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Fly is a common name for dipteran insects belonging to the family of real flies (Muscclassae) that live almost all over the Earth. The body (2-15 mm long) is dark, less often yellow or with a metallic sheen (blue or green), covered with hairs and bristles. About 5000 species are known. Widely distributed in all parts of the world. They feed on plant sap, decaying organic matter, manure, human feces; some are predators; some species are bloodsuckers.
The majority lay eggs (up to 2 thousand eggs during a lifetime); viviparity of larvae is less common. Larvae develop in decaying organic matter, manure, less often in living tissues of plants and animals; in some species, the larvae are predators (they feed mainly on the larvae of kolivorous flies) or parasitize locusts and stinging hymenoptera.
More than 50 synanthropic species (housefly, market fly, flies, etc.) are carriers of pathogens of infectious diseases in humans and animals (cholera, dysentery, some eye diseases, anthrax, trypanosomiasis, etc.). Sometimes fly larvae cause myiasis in humans and animals, some are herbivorous, harm cultivated plants (cabbage, onion, beet, sprout flies, etc.). The fight against synanthropic flies is based on strict adherence to sanitary and hygienic rules in populated areas. Treatment of premises and breeding areas with various insecticides is very effective.
The fly is a social insect. That is unlikely. Unlike bees, flies do not know how to communicate with each other, and they do not take care of their offspring, like ants, since their children are born when their parents have died long ago.
Flies are very prolific. For 2.5 months of life, a house fly lays from 600 to 2 thousand eggs. True, not all of the flies will then appear and not all of the individuals that have appeared will survive to reproductive (30 hours of life) or the age of oviposition (9 days after fertilization). So everything is relative.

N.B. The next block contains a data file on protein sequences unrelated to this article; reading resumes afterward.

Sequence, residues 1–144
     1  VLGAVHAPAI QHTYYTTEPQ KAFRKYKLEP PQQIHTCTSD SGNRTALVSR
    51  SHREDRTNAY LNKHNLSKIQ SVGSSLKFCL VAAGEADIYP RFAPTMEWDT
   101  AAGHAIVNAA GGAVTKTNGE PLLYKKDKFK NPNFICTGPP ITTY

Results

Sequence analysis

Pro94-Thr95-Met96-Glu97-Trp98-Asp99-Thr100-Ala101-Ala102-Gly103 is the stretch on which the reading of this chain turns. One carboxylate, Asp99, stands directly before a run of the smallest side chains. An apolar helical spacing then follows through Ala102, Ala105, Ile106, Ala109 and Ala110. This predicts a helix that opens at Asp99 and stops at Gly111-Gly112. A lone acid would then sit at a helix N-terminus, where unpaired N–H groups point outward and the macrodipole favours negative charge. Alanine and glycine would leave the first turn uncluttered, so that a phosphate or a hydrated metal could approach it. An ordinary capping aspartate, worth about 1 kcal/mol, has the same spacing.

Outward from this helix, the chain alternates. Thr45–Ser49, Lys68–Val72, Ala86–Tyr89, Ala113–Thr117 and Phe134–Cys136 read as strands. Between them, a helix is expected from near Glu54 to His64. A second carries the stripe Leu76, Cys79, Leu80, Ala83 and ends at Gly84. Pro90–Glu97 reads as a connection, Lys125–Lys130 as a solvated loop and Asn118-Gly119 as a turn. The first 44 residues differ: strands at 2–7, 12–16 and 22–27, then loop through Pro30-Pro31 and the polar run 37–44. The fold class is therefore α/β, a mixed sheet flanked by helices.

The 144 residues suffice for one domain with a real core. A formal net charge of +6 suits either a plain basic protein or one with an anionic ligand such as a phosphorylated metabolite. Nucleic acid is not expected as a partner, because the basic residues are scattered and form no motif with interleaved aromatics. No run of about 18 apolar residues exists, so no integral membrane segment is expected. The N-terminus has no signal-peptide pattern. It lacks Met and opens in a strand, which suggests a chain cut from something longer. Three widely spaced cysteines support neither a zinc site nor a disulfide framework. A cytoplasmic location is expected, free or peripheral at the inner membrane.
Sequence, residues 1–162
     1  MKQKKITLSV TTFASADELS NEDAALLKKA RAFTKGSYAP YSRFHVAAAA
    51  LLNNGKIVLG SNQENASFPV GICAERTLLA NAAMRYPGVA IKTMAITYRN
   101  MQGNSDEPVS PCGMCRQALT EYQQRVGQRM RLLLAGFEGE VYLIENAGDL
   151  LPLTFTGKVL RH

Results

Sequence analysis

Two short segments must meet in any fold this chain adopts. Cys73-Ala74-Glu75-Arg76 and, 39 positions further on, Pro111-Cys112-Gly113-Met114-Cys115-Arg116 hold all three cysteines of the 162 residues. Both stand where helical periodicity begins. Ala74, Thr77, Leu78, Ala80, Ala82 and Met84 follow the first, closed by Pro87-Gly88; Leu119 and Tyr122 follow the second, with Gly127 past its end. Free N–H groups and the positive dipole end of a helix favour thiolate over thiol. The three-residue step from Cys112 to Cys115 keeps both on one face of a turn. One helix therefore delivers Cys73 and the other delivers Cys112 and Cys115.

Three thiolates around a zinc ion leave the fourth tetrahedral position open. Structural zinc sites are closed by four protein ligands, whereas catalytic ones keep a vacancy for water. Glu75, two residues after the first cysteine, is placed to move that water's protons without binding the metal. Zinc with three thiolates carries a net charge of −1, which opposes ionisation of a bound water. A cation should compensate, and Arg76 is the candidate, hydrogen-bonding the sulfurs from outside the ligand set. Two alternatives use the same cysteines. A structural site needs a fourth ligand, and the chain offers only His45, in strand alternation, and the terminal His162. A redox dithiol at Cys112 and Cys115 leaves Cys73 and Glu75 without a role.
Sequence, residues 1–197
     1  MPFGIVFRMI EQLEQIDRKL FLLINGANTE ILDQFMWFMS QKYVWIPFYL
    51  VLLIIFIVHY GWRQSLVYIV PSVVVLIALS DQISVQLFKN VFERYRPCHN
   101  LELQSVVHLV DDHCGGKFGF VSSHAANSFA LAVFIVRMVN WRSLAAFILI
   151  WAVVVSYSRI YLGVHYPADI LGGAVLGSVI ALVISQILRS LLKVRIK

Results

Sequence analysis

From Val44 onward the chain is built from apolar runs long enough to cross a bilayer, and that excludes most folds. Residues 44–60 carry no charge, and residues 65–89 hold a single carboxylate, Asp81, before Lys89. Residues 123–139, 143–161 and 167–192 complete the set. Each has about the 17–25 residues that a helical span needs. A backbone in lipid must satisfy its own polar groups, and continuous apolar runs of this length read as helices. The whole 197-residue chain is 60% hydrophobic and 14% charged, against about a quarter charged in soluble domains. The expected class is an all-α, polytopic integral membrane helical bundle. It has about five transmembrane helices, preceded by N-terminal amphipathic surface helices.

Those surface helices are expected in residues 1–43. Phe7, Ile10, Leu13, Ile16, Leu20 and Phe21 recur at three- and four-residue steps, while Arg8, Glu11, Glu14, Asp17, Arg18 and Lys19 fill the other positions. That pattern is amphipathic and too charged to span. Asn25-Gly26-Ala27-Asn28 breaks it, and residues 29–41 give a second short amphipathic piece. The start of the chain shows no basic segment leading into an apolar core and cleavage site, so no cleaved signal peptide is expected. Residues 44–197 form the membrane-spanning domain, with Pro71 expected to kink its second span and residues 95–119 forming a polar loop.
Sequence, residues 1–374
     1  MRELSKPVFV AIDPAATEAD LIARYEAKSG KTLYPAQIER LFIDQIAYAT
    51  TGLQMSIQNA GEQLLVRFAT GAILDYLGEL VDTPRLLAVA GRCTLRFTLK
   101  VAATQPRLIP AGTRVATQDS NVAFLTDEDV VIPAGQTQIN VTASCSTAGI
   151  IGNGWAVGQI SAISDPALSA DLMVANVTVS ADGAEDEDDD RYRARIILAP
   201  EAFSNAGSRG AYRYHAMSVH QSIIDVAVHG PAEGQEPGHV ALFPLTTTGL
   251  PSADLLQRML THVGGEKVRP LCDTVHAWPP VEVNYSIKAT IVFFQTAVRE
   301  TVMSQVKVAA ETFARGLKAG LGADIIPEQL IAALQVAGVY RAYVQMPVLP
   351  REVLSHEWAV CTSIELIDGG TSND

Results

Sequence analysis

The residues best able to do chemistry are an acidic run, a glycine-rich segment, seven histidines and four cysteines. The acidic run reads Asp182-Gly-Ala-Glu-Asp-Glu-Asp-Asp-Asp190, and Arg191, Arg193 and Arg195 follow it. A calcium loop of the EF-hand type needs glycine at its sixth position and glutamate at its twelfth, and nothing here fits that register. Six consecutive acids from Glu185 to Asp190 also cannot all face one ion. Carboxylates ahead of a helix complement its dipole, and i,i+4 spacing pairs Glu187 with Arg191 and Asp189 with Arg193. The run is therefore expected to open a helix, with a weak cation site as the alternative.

Horsefly (Tabanus) is not a fly. No matter how it is! A large, buzzing, scary fly that feeds on the blood of animals and humans. In the villages, it often annoys large and small ruminants. It inhabits near water, in the forest zone, steppes and deserts. Only female adult horseflies drink blood in order to be able to lay eggs. Males feed on the nectar of flowers. It is curious that horseflies fly at a speed of more than three times the speed of all familiar houseflies.
Flies are carriers of the infection. Even house flies do not disdain carrion, let alone the rest. The special structure of the legs and jaws of flies facilitates the transfer of eggs of various helminths, causative agents of tuberculosis, plague, poliomyelitis, cholera, typhoid fever, dysentery and many, many other terrible and unpleasant diseases by this insect species.
House flies live only at home. In the wild, they really have a hard time. They are mercilessly exterminated, both by the cold and by people, and by birds that prowl day and night in search of food. Scientists have found that in the wild, most houseflies do not live for 3-6 days.
Flies do not see food. Or they see, but very rarely, since their special eyes are not adapted to gazing at objects. Flies also most often cannot find food by smell. One thing remains - by the fly-poke method, walking here and there, bumping into food and identifying it with special taste sensors located on the paws.
A fly can be caught by sneaking up behind it. A common misconception. The fly's eyes are designed in such a way that it can even look back. Therefore, if you really want to catch a fly, be honest with nature - come from the front. You look, running away from you, the fly by inertia of flight will fall directly into your palms.
Flies do not pose a mortal danger to humans. Depends on the region where you meet them. For example, African flies are capable of carrying the immunodeficiency virus from one person to another in their saliva. This is due to the fact that, unlike mosquitoes, the fly uses two tubes - one for sucking blood and the other for injecting saliva. Biting the next object, the fly regurgitates a small part of the blood taken from the previous victim into its wound. Ask, where are so many HIV-infected people in Africa from? .. Yes, at least from the same chimpanzees that flies bite no less often than you and me.
A person cannot expect anything good from flies. Not true. Drosophila flies are successfully used by scientists for a wide variety of experiments, and chitin, from which the protective covers of flies are made, is modified into chitosan, which is an excellent wound-healing drug. Carrion-destroying meat flies play an important sanitary role in nature.